- Poster presentation
- Open Access
Temporal changes in left ventricular function and paravalvular aortic regurgitation after transcatheter aortic valve implantation: a cardiac magnetic resonance imaging study
© Merten et al; licensee BioMed Central Ltd. 2012
- Published: 1 February 2012
- Cardiac Magnetic Resonance
- Aortic Regurgitation
- Transcatheter Aortic Valve Implantation
- Left Ventricular Volume
- Systolic Left Ventricular
Transcatheter aortic valve implantation (TAVI) has been established as a therapeutic alternative in patients with severe aortic stenosis at high risk for surgery.
Paravalvular aortic regurgitation (AR) is frequent after TAVI. Yet, little data is available about temporal changes of AR and the impact of TAVI on left ventricular (LV) function and dimensions.
We used cardiac MRI to evaluate LV function, volumes and mass, the occurrence and degree of AR in the early and medium-term follow-up after TAVI.
In 21 patients who underwent transfemoral TAVI we performed baseline cardiac MRI at a median of 21 ± 12 days after TAVI and follow-up MRI 10.7 ± 7.2 months later.
LV volumes and function were assessed using standard cine MRI sequences; phase contrast imaging was conducted to measure aortic regurgitation. A calculated regurgitation fraction (RF) of ≥1%-15% was graded as mild, 16%-30% was graded as moderate, 31%-50% as moderate to severe and > 50% was graded severe, a RF <1% was classified as no AR.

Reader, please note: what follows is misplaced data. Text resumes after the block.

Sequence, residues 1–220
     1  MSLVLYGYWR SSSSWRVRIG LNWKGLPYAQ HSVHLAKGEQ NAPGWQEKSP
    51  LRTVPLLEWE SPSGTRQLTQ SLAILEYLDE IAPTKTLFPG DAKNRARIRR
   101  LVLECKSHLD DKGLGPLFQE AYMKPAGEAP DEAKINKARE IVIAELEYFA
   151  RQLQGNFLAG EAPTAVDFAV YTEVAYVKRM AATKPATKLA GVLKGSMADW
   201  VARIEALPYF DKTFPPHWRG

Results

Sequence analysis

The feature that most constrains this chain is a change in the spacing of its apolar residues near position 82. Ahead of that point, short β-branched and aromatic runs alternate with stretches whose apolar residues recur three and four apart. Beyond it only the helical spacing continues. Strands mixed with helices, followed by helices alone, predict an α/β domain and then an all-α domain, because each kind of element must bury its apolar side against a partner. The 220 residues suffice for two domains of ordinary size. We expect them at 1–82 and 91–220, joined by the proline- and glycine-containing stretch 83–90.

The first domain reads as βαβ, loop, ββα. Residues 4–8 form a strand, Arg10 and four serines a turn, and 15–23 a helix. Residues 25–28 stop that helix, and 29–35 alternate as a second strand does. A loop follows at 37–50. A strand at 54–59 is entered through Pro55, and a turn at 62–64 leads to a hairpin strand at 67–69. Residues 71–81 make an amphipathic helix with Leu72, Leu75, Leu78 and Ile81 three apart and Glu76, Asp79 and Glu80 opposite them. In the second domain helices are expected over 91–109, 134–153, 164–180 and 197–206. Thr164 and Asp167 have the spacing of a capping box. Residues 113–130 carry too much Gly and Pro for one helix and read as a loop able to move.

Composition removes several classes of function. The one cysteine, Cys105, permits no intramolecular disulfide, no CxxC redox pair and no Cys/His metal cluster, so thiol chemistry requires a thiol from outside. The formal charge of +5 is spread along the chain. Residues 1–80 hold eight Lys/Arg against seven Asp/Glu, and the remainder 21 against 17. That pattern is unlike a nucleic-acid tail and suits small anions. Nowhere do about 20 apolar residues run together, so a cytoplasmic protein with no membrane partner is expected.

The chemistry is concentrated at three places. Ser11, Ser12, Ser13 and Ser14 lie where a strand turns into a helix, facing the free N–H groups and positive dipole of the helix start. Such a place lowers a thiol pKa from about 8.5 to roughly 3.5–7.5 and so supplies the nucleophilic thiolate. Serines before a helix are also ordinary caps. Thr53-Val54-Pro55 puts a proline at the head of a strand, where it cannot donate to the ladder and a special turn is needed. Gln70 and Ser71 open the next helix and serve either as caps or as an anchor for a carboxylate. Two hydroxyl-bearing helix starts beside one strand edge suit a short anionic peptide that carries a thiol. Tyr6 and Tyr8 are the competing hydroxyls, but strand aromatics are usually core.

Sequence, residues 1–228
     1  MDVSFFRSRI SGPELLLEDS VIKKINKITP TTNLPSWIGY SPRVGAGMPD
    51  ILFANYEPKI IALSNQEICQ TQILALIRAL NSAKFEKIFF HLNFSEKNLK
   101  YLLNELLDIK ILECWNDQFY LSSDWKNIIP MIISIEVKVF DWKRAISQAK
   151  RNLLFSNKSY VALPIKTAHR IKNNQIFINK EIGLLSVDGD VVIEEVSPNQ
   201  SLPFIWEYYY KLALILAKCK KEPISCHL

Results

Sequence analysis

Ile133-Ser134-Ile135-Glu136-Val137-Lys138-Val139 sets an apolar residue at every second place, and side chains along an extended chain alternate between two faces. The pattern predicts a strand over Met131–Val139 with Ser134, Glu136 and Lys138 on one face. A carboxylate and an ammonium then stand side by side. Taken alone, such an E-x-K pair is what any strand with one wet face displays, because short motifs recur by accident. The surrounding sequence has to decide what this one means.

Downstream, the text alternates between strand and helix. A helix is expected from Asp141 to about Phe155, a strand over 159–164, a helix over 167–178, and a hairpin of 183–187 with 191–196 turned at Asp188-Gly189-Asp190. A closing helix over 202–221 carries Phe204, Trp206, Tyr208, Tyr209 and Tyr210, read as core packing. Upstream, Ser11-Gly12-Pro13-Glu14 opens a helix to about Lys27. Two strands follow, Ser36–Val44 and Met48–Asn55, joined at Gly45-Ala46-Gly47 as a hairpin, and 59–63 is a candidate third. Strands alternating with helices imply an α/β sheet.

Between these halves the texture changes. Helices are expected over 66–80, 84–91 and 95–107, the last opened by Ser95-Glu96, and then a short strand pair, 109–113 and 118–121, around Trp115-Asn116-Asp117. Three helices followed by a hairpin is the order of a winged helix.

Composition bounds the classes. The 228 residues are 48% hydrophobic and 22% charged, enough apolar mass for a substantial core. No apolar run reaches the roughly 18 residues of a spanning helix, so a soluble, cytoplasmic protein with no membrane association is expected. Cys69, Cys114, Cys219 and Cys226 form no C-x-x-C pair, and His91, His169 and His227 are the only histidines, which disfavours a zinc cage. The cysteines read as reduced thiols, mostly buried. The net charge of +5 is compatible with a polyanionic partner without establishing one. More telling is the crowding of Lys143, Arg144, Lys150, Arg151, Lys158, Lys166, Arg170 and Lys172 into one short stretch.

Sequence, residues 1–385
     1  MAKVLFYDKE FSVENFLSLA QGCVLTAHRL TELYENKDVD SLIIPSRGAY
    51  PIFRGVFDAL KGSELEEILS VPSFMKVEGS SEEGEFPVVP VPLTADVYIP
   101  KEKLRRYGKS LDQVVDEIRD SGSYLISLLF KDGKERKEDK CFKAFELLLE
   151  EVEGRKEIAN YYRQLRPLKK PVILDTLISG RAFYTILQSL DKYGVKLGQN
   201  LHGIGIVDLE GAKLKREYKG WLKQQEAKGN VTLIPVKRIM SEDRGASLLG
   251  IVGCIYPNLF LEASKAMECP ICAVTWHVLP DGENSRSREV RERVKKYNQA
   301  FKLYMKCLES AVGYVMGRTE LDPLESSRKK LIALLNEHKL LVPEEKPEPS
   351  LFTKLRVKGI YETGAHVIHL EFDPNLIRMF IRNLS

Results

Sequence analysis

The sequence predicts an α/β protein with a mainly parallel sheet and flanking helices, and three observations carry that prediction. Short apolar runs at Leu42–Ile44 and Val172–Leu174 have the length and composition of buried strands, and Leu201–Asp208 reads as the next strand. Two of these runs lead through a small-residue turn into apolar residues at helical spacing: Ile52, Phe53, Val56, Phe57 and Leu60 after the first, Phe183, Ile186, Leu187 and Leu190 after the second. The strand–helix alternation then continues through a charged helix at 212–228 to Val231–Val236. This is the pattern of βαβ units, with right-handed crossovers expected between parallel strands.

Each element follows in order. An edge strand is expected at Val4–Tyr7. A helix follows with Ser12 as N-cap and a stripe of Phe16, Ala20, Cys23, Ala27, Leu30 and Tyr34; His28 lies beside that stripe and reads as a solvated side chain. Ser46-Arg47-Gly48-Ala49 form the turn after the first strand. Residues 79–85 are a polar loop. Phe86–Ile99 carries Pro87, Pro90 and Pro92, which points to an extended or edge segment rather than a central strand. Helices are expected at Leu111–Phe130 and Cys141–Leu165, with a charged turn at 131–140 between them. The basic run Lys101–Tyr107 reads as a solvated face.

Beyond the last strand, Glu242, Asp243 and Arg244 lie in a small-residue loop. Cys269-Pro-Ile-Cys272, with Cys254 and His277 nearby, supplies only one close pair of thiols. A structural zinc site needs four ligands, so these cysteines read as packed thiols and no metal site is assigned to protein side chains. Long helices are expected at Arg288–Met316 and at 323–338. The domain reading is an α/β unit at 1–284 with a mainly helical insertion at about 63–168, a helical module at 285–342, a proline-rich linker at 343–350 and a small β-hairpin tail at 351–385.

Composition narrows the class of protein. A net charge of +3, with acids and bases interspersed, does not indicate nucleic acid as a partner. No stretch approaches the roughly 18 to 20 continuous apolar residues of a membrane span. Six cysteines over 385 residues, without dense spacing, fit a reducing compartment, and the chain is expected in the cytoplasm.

57% of the 21 patients were women. The median age of the patients was 81 years with a median logistic EuroScore of 24.3%.
At baseline MRI, the median LV ejection fraction was 58.1% (range 22.1 to 71.7%) and improved significantly at follow-up to 64.2 % (range 24.0 to 73.5%), p=0.0002.
We observed a significant reduction of the median enddiastolic volume (139.7 ml vs. 122.6 ml, p=0.03) and of LV mass (153.2 ± 32.4 vs. 140.5 ± 37.2 g, p=0.02) from baseline to follow-up MRI.
At baseline MRI, aortic RF was mild in 13 patients and moderate in 4 patients. At follow-up any grade of AR was present in all patients with AR being mild in 16 patients, moderate in 3 patients and moderate to severe in further 3 patients. Over time, the median aortic RF increased slightly but significantly (p=0.02) from 8.0% (range 0.1 to 27.2%) to 8.1% (range 1.7 to 41.9%).
At mid-term follow-up, cardiac MRI revealed AR, that was mostly mild, in all patients who underwent TAVI. From baseline to follow-up we observed a slight but significant increase in AR. We also could demonstrate a significant improvement of systolic LV function as well as a reduction of LV volumes and mass at mid-term follow-up after TAVI.
This article is published under license to BioMed Central Ltd. This is an open access article distributed under the terms of the Creative Commons Attribution License (http://creativecommons.org/licenses/by/2.0), which permits unrestricted use, distribution, and reproduction in any medium, provided the original work is properly cited.